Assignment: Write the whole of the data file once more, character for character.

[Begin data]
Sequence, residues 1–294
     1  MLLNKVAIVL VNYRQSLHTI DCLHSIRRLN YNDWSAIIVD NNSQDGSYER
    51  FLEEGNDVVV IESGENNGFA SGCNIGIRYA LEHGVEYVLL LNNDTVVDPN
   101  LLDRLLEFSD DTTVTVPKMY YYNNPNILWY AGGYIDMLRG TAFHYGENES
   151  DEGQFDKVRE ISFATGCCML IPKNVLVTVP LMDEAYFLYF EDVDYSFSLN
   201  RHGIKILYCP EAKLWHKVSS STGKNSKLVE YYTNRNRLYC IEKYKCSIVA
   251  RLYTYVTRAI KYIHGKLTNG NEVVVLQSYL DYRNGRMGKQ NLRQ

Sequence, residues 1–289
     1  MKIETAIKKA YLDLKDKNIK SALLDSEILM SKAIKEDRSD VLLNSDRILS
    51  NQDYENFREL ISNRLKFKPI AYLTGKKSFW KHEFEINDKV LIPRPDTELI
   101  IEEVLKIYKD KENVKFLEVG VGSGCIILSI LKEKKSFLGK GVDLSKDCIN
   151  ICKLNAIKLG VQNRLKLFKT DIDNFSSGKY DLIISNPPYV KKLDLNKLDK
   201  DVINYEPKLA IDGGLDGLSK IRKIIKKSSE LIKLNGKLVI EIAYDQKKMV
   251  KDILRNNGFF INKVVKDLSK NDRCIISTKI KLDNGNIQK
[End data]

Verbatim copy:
Sequence, residues 1–294
     1  MLLNKVAIVL VNYRQSLHTI DCLHSIRRLN YNDWSAIIVD NNSQDGSYER
    51  FLEEGNDVVV IESGENNGFA SGCNIGIRYA LEHGVEYVLL LNNDTVVDPN
   101  LLDRLLEFSD DTTVTVPKMY YYNNPNILWY AGGYIDMLRG TAFHYGENES
   151  DEGQFDKVRE ISFATGCCML IPKNVLVTVP LMDEAYFLYF EDVDYSFSLN
   201  RHGIKILYCP EAKLWHKVSS STGKNSKLVE YYTNRNRLYC IEKYKCSIVA
   251  RLYTYVTRAI KYIHGKLTNG NEVVVLQSYL DYRNGRMGKQ NLRQ

Sequence, residues 1–289
     1  MKIETAIKKA YLDLKDKNIK SALLDSEILM SKAIKEDRSD VLLNSDRILS
    51  NQDYENFREL ISNRLKFKPI AYLTGKKSFW KHEFEINDKV LIPRPDTELI
   101  IEEVLKIYKD KENVKFLEVG VGSGCIILSI LKEKKSFLGK GVDLSKDCIN
   151  ICKLNAIKLG VQNRLKLFKT DIDNFSSGKY DLIISNPPYV KKLDLNKLDK
   201  DVINYEPKLA IDGGLDGLSK IRKIIKKSSE LIKLNGKLVI EIAYDQKKMV
   251  KDILRNNGFF INKVVKDLSK NDRCIISTKI KLDNGNIQK